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Get the TAB on my website. You don't have to play G Major scale note after note - try triads to break away from the scale ...
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Here is an example of how you can use triads to play it to the GMaj scale. Tonight, we are using triads. When you improvise, you get away from that note by note scale approach which gets boring instead if you go like this.
The triads covered are: G Major, A Minor, B Minor, C Major, D Major, E Minor, F#Dm, GMaj, Am, Bm, CMaj, DMaj, Em, F#Dim and back to GMaj one opts higher.
Now if you play them like that they also sound quite boring or imperative. So let us look at some ways you can tie each into with the other. One way you could do it would be to play like this. So what I am doing there is I am playing first the three notes from the GMaj triad. Then I am moving up to the next triad by starting at the top note and go down. That is the Am triad. So here it is again. GMaj, Am, Bm, CMaj, DMaj, Em, F#Dim and back to GMaj. And you can play it in opposite direction, of course. And that can open up your playing quite a bit. You can for example brief if you are playing in an Em, you can play the pentatonic scale. And now you can throw in the GMaj triad. You can see I am playing the GMaj triad here. And then going to that note which is E. And you cannot play it over an Em. Then I play an Am triad and this is the Bm triad, Em, Bm.
That is an example. This is the general idea and you can then take it further and experiment. I used this type of playing quite a bit when I improvise over lots of different styles of music. It is a good way to get away from that note after note scale approach. It gets kind of a bit boring after all or imperative. See that? It makes the notes jump farther away really quick. CMaj arpeggio then you can go back into your minor pentatonic anytime you want. You get an E for example. The pentatonic mandatory that the Bm triad here is one more variation on the same idea starting here with a GMaj triad again then go on to the top notes of the Am triad. But only play that top note and then back. So repeat that pattern for each triad. Now I do not recommend that you play every triad one by one like that throughout the scale from the GMaj scale because the sound is really up headed in two. So you just pick out some of them and get familiar with where they are on the neck.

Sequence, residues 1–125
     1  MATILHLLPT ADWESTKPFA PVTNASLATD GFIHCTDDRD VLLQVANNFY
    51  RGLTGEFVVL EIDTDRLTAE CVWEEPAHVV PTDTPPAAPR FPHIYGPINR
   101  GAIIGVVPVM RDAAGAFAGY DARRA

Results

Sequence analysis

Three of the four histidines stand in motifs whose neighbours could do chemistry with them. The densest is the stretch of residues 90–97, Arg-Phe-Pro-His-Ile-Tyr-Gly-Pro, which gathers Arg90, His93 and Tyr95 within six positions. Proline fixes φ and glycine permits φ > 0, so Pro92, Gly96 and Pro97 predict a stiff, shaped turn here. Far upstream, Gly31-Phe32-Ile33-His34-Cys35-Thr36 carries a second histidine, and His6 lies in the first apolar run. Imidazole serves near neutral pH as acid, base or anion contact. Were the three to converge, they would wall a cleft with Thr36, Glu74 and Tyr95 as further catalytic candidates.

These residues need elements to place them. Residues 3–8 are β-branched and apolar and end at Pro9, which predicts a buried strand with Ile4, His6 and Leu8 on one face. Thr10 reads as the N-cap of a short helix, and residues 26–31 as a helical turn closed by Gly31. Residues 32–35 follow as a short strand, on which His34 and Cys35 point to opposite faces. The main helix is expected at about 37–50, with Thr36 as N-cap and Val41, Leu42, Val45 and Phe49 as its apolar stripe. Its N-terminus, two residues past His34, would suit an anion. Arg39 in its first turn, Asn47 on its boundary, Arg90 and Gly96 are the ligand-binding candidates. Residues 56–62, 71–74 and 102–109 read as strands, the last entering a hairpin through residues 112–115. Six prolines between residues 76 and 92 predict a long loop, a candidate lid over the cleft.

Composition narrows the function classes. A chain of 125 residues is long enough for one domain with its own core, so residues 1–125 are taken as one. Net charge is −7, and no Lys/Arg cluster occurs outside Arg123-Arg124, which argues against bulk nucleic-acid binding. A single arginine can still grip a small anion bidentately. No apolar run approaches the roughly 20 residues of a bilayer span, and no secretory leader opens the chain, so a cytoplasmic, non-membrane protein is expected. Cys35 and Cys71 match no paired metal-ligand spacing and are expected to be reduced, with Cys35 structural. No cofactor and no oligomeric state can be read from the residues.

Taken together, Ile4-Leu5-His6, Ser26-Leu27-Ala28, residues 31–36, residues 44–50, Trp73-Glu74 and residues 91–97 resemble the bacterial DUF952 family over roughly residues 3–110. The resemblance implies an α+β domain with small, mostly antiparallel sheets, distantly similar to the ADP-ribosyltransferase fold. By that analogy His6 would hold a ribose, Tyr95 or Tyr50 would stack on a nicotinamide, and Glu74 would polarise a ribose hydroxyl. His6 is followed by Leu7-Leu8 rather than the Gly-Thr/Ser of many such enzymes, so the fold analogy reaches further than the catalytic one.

An example of that is I start it with a Bm triad. Then get it up with just a note like ending on the note E because I am simulating Em here. And I can do the same idea. And here was DMaj triad, it is ending with a note G. Let us do it one more time, same idea now with D triad. And so long I hope I gave you some ideas.